Navigate to Customers > Customer Groups and click Create a Customer Group. Then, provide a group name and configure the group details. Here, you can choose to set product, category, and storewide discounts for the customer groups.
Finally, set a customer group for non-registered site visitors by selecting a customer group from the Customer Group for Guests drop-down.
This way, you can display optimized content and personalized pricing for every visitor.
3. Make Sure You’re Prepared for Larger Orders
Here are some useful BigCommerce apps available for B2B businesses to better manage larger orders:
Apps for Accepting Recurring Payments
- Recurring Payments and Invoicing by PayWhirl. Lets you customize the payment process for individual clients in different ways, such as by modifying the advertised price of a product for each customer.
- Customer Group Restricted Payment Methods by IntuitSolutions. Enables you to receive or restrict payment options based on predetermined contracts with individual clients.
Apps to Offer Bulk Discounts and Payment Options
- Bulk Order and Wholesale for B2B. Lets you establish a separate section on your website dedicated to wholesale customers.
- MinMax Order Limits. It enables you to set a minimum and maximum order value on a single transaction. This is a great way to increase the average order value per transaction.
- Payment Groups. Offers full control over what you show in your online store’s payment options. For instance, you can offer Cash on Delivery and Bank Deposit to wholesale buyers and Braintree and PayPal to retail customers.
Apps for Robust Shipping Options
- ShipperHQ. Lets you manage and personalize your shipping rates, select the carriers you want, and the shipping methods that’ll be used. You’ll be able to control rates at the country, state, and postcode level along with shipping options for product quantity, weight, value, and dimensions.
- BigCommerce Shipping. Offers an all-inclusive shipping and fulfillment experience that improves customer relationship by reducing costs, increasing shipping margins, and optimizing the overall customer experience. You can offer exclusive rates with DHL, USPS and FedEX, or even set your own discount rates as well as choose your own carrier.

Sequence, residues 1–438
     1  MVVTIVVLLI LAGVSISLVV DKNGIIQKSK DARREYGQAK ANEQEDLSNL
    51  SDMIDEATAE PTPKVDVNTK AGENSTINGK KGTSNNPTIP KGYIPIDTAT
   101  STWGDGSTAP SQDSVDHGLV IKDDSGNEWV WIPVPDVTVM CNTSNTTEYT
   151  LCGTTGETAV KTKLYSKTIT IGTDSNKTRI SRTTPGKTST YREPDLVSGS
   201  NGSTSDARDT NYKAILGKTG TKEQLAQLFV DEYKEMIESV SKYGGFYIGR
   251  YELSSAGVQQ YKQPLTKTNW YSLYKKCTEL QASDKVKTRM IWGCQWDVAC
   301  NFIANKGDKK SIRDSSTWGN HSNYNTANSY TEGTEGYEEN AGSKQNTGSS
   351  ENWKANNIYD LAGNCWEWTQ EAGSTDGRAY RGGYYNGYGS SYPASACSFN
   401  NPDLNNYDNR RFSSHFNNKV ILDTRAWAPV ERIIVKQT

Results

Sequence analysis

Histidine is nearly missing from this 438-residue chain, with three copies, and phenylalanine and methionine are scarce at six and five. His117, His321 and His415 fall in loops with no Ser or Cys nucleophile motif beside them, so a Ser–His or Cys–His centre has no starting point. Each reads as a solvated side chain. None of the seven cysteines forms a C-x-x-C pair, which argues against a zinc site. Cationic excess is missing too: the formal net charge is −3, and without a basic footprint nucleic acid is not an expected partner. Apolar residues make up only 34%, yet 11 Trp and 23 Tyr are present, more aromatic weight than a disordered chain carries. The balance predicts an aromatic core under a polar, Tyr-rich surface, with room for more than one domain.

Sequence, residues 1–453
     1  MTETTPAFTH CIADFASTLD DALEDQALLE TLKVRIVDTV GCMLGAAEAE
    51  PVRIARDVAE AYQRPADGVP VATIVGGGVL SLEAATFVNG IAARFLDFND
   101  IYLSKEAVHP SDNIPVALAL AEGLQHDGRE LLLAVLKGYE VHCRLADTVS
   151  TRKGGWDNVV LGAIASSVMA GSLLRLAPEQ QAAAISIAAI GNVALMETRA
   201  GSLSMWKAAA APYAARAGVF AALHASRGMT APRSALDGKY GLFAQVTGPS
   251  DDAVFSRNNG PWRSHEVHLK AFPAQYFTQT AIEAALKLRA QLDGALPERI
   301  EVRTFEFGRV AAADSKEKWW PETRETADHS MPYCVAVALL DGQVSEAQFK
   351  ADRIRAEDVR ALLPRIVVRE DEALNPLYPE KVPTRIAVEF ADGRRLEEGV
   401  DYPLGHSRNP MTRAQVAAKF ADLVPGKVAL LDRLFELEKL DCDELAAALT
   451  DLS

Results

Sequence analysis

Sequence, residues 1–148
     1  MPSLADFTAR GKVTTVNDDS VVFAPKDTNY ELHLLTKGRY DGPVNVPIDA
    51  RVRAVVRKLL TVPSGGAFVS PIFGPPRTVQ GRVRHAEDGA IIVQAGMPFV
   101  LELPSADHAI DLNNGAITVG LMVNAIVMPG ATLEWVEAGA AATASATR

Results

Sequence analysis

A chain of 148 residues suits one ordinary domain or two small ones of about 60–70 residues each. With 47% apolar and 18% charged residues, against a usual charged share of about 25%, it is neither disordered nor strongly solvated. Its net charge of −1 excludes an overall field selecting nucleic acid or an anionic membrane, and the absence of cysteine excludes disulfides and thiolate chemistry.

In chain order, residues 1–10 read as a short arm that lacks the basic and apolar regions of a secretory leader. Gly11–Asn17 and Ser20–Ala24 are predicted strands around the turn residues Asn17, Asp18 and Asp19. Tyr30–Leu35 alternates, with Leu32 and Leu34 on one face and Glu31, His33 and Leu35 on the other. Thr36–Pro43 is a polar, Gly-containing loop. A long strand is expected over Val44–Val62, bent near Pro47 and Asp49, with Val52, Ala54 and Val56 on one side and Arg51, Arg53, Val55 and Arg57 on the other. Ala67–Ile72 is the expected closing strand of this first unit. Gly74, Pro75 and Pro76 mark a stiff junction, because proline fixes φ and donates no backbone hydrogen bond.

4. Add a Quote Builder
Adding a quote builder enables you to give more control to your customers by enabling them to generate their own quotes.
BigCommerce’s Quote Ninja integration lets sales reps convert quotes to orders in a single click and manage all quotes from a single dashboard. In addition to this, it allows you to include a checkout link with the quote which improves customer experience.
This is useful in situations where you can’t list prices online because of how sophisticated your pricing model is. But just because your B2B firm needs to take several complex factors into consideration when formulating price quotes, doesn’t mean it’s impossible to set up on a self-service basis. Why turn prospects off with a contact form?
Here are some of the benefits of integrating a quote builder into your B2B store:
- Speeds up the buying process. B2B companies that use custom quoting systems allow customers to generate a PDF quote at any time, instantly. This way, buyers can evaluate quotes and move forward with decision-making instantly.
- Facilitates custom ordering for B2B customers and wholesalers. A quote builder enables B2B businesses — especially those with wholesale customers — to offer and fulfill custom order requests.
Optimizing your B2B ecommerce site for buyers and clients enables you to increase productivity and deliver an enhanced customer experience.
What are some of the features you’re looking to offer through your B2B ecommerce website?
Gal Shachar is a designer based in Tel Aviv who specializes in digital UX, ad media and branding. He has been active in the industry since 2017, following his studies at Ruppin College. Since then, Gal has been working with many well-known brands and businesses on web design, logo creation, user experience and branding campaigns. You can visit his website here.